The EU’s executive arm will on Monday announce a ban on fish imports from Belize, Cambodia and Guinea (Conakry), in a move that could have repercussions for tuna companies such as MW Brands and Pervasa.

The ban is part of the EU’s efforts against illegal, unreported and unregulated (IUU) fishing.

The European commission had proposed banning fishery imports from those three countries in November, while also issuing “yellow cards” to Ghana, South Korea and Curacao.

The EU fisheries council will now decide favorably on the proposal this coming Monday, said the commission in a statement.

The council’s decision is based on the view that Belize, Cambodia and Guinea are acting insufficiently against illegal fishing.

The sanctions mean imports into the EU of any fisheries products caught by vessels from these countries will be banned, while EU vessels will not be allowed to fish in these countries’ waters. It is the first time that measures of this type are adopted at EU level.

Other forms of cooperation, such as joint fishing operations or fisheries agreements with these countries will no longer be possible.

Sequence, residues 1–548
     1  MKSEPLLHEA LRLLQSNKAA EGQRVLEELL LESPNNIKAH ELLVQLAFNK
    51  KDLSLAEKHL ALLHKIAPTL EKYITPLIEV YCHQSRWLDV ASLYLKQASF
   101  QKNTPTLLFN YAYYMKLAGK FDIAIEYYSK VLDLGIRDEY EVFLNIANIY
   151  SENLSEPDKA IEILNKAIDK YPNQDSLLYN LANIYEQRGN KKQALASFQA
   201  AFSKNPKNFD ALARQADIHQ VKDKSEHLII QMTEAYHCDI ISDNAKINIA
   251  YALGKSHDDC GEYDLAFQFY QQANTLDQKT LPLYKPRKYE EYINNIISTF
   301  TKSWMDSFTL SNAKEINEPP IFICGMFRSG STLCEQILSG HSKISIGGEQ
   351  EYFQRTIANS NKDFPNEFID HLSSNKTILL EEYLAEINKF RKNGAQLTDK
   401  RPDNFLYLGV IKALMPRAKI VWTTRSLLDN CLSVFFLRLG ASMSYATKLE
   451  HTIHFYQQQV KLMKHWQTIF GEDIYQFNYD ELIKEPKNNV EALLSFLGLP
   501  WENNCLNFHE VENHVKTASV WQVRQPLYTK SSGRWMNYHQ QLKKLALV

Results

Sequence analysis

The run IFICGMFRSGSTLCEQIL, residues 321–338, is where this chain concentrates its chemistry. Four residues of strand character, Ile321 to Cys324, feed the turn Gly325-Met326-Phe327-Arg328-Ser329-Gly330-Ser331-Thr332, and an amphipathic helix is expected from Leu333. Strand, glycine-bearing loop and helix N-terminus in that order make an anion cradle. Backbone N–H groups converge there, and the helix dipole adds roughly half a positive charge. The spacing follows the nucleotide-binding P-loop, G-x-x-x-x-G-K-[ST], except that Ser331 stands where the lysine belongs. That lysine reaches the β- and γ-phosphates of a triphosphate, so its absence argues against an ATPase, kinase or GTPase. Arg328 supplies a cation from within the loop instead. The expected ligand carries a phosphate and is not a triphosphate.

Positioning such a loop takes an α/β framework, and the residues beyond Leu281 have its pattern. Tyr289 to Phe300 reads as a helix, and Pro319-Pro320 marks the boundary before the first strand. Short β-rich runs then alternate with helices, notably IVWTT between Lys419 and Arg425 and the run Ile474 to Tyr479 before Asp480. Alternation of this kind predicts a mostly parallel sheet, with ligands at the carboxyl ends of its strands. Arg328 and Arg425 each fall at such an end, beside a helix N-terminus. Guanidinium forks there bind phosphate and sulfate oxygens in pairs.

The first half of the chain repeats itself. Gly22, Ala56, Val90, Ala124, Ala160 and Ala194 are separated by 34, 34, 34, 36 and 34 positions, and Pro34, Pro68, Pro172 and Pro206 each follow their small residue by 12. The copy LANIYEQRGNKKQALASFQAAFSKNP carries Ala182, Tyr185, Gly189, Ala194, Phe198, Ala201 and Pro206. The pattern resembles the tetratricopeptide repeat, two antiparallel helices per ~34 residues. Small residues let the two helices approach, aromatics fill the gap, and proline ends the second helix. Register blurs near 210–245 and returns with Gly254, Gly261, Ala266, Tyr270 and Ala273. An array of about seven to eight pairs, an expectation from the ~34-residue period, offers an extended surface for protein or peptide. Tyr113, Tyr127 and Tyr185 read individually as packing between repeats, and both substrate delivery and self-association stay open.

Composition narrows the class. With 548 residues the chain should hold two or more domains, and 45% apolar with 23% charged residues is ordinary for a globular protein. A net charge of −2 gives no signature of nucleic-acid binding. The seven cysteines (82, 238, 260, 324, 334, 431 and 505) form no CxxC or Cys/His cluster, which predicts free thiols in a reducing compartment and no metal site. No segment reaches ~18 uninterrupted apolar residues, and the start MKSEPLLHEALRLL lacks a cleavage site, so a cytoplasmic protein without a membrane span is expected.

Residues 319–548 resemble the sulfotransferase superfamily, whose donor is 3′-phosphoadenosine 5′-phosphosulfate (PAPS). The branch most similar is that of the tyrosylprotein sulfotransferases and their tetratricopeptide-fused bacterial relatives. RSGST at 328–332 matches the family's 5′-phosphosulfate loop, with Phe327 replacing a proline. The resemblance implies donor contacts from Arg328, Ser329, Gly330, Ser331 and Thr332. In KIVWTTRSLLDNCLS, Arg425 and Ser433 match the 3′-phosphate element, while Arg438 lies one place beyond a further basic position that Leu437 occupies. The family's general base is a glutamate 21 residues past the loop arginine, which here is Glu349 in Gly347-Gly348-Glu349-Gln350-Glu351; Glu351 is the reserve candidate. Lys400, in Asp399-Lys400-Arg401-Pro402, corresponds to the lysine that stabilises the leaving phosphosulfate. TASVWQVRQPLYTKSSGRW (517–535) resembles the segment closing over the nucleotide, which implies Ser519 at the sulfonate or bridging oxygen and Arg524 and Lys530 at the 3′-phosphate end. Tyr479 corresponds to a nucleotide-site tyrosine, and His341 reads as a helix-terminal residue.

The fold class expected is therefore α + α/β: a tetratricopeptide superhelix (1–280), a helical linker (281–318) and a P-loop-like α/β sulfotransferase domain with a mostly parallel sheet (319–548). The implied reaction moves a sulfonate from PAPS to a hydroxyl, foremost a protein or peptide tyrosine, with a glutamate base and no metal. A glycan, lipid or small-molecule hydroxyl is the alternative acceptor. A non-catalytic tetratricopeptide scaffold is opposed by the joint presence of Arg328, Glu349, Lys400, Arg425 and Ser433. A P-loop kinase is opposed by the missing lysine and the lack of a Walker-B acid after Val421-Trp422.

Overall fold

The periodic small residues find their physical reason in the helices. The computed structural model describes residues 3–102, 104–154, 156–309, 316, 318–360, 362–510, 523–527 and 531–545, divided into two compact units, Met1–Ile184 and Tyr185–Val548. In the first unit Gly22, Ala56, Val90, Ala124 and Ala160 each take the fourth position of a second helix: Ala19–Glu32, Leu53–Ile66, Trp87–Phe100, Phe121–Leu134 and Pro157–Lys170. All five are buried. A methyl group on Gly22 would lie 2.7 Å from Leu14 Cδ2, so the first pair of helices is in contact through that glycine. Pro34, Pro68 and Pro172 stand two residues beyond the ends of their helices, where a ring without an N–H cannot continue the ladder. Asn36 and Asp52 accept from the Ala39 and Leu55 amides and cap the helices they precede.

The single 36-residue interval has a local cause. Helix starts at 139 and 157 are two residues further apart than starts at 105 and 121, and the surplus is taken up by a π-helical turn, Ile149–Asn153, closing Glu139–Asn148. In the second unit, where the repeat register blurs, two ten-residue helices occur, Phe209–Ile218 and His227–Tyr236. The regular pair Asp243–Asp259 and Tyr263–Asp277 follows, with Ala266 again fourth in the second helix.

The sanctions could have repercussions for Europe’s largest tuna canner MW Brands and the Spanish tuna fishing group Pevasa, which both have vessels flagged to Belize, Undercurrent News unveiled last year.

In contrast the sanctions against Cambodia and Guinea are regarded as largely toothless by the industry, in part as the EU fleet is lacking access to Guinea waters this year.

Part of Thai Union Frozen Products, MW Brands has three vessels flagged to Belize — Cap Coz, Cap D’Ambre and Cap Verga – through its Ghanaian subsidiary, Pioneer Food Cannery. Pevasa, meanwhile, flies the Belize flag for its purse seiner Playa de Azkorri.

According to the EU commission, “despite the commission working closely with the authorities of Belize, Cambodia and Guinea to set up fisheries management and effective control measures, the three countries have still not addressed structural problems and have failed to show real commitment to tackling the problem of illegal fishing”.

“After several warnings, the commission therefore proposed to the council to list the three countries as non-cooperating countries, in line with the EU IUU regulation.”

In early December, Belize had called for a re-assessment of the commission’s decision. However, it seems this was not successful.

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